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PostPosted: Wed Feb 29, 2012 7:53 pm 
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Audi has revived the quattro name for its new hybrid Le Mans 24 Hours challenger.

The hybrid version of the German manufacturer's turbodiesel LMP1 coupe will be known as the R18 e-tron quattro. It takes the name because its hybrid systems recover kinetic energy and return it to the track through the front axle.

.....

The R18 e-tron, which will also race in the new FIA World Endurance Championship, becomes a four-wheel-drive car within certain limits laid down in the Le Mans rulebook. The regulations allow 500kJ (approximately 70bhp) of stored energy to be transfered to the wheels between two braking 'events' at speeds above 120km/h (75mph).

The rules allow energy retrieval on only one axle. The advantages of choosing the front wheels include improved traction and greater efficiency during the recovery process.

Audi has chosen to use a flywheel or accumulator for energy storage rather than batteries or the super-capacitors favoured by rival Toyota.

......

The flywheel has been developed by Williams Hybrid Power, which also produced the unit in sister marque Porsche's 911 GT3-R Hybrid.


http://www.autosport.com/news/report.php/id/97739


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PostPosted: Wed Feb 29, 2012 9:07 pm 
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I really want to see a kinetic KERS system working well. It would make things a whole lot easier than lugging around a lump of battery and would also be a fairly cheap alternative to transfer to road car manufacturing with a longer life than the current battery hybrids.

Is it just me or are the front wheel arches HUGE compared to a usual LMP? is it possible they are using 2x fly-wheels? I thought the fly-wheel system was housed centrally using 1 wheel.

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PostPosted: Wed Feb 29, 2012 10:08 pm 
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minchy wrote:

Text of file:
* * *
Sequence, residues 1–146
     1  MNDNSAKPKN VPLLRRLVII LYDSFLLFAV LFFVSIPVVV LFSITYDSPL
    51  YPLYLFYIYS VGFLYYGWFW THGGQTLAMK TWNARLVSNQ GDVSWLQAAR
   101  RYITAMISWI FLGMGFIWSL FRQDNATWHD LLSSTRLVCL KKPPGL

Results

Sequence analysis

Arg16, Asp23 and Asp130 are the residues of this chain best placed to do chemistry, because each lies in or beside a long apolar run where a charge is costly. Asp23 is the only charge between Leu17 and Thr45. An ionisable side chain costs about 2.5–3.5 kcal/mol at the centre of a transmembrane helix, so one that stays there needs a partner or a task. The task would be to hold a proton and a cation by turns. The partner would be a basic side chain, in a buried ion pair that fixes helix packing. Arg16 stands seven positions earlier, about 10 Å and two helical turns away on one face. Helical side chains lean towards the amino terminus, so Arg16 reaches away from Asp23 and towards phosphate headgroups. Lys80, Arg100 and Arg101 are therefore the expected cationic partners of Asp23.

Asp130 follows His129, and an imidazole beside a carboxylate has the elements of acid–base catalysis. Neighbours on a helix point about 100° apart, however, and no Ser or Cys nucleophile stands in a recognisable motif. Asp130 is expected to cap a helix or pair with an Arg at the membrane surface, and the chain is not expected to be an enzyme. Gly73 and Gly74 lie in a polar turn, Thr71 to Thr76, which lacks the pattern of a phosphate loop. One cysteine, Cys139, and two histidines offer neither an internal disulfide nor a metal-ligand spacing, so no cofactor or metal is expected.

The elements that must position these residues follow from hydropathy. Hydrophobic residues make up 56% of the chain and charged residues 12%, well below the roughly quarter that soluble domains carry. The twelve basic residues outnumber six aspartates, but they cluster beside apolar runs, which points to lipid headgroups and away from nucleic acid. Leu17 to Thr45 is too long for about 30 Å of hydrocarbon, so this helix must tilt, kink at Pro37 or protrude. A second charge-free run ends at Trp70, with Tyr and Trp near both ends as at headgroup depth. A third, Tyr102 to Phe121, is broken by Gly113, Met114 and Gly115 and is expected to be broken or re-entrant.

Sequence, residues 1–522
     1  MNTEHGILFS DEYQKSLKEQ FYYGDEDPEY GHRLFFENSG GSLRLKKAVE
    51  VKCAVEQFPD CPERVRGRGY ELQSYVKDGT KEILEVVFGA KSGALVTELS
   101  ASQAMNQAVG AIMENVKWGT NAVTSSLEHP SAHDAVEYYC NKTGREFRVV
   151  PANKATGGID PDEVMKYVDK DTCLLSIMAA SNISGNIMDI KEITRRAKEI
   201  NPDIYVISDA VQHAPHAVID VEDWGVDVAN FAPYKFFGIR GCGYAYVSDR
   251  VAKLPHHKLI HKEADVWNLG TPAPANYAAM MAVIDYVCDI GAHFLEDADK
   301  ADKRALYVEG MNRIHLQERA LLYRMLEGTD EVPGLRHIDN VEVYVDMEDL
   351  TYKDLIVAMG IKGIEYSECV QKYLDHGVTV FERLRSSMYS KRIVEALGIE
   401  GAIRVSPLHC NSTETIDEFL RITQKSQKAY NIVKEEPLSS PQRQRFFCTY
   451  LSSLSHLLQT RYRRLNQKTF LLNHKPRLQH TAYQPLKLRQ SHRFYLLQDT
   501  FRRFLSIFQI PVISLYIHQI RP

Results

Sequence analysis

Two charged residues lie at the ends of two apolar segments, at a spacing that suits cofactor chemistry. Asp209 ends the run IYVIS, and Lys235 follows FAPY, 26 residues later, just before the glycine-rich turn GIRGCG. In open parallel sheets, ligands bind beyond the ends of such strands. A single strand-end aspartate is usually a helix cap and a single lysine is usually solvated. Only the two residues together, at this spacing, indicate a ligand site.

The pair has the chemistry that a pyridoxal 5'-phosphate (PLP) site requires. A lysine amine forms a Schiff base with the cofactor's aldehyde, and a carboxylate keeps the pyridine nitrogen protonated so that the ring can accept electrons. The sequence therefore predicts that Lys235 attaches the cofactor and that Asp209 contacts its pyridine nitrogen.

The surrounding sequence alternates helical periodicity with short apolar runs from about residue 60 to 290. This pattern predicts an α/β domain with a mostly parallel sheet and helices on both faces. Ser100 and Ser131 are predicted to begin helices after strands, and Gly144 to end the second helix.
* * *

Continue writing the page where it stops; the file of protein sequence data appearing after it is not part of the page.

I really want to see a kinetic KERS system working well. It would make things a whole lot easier than lugging around a lump of battery and would also be a fairly cheap alternative to transfer to road car manufacturing with a longer life than the current battery hybrids.

Is it just me or are the front wheel arches HUGE compared to a usual LMP? is it possible they are using 2x fly-wheels? I thought the fly-wheel system was housed centrally using 1 wheel.

Those fly wheel assemblies aren't that light, so there's no real weight savings to had versus battery based systems.
Then with the added complexity of more moving parts, I dont see much of an advantage to this system.

Still want to see more of this in racing though.

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PostPosted: Wed Feb 29, 2012 10:17 pm 
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It also looks like it has an F Duct for stalling the rear wing.


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PostPosted: Wed Feb 29, 2012 10:25 pm 
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minchy wrote:
Is it just me or are the front wheel arches HUGE compared to a usual LMP? is it possible they are using 2x fly-wheels? I thought the fly-wheel system was housed centrally using 1 wheel.


The wheel arches are that big on the standard R18 - the trend in recent years has been for the LMPs to run rear tyres at the front and the Audis are no exception.

As for flywheel KERS - for a system built to current F1 regs it's true it's not much lighter than a battery system, but increase the energy that can be harvested and the flywheel system starts to become lighter, requires less cooling and has higher efficiency. I believe that LM doesn't have a limit on how long the system can be deployed per lap (unlike F1 where it works out to 6.7sec/lap), only that output is 70hp max and the system can only be deployed once between braking events.


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